An actinic keratosis is a rough, scaly patch on your skin that develops from years of exposure to the sun. It's most commonly found on your face, lips, ears, back of your hands, forearms, scalp or neck. Also known as solar keratosis, an actinic keratosis enlarges slowly and usually causes no signs or symptoms other than a patch or small spot on your skin.
Over time, actinic keratoses may develop into invasive squamous cell carcinoma; according to one study of almost 7000 patients, among the small percentage of actinic keratoses that progress into squamous cell carcinoma, the length of time for this transformation to occur was approximately 2 years.Cells within actinic keratoses (AKs) show characteristic UV-induced gene mutations.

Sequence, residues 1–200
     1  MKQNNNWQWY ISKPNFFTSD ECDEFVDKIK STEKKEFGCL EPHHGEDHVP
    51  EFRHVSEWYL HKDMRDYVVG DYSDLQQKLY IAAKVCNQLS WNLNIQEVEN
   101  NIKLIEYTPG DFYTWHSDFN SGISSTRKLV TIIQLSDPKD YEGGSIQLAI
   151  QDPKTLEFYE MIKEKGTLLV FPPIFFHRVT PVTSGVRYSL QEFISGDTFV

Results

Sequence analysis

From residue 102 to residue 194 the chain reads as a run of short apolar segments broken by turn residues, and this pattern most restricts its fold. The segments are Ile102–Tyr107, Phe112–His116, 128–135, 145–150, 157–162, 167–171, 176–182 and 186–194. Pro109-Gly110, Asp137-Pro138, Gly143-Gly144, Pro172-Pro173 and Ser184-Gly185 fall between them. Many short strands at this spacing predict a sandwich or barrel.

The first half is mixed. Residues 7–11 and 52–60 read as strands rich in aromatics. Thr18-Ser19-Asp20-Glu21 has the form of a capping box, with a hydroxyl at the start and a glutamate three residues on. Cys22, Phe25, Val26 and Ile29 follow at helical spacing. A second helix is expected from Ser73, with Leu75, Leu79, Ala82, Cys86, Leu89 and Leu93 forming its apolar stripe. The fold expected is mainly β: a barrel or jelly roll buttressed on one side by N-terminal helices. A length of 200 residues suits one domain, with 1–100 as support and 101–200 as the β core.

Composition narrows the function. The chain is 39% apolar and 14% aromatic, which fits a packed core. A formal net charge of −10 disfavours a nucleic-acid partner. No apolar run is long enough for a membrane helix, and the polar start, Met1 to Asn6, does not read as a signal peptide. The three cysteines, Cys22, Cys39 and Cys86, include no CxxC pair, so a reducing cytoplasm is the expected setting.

Actinic keratoses are extremely common, and the populations most at risk are older individuals with chronic sun-exposure and light skin. Millions of office visits to dermatologists each year are related to actinic keratosis. One early estimate of the prevalence of actinic keratosis in the United States was 39.5 million.Factors leading to an increased incidence of actinic keratosis include cumulative ultraviolet radiation exposure, increasing age, childhood sun exposure, male sex, and residing in latitudes close to the equator.
There are many treatments for AKs. Some treatments your dermatologist can perform in the office. Other treatments you will use at home. The goal of treatment is to destroy the AKs. Some patients receive more than one type of treatment. Treatments for AKs include: In-office procedures: • Cryotherapy: Destroys visible AKs by freezing them. The treated skin often blisters and peels off within a few days to a few weeks.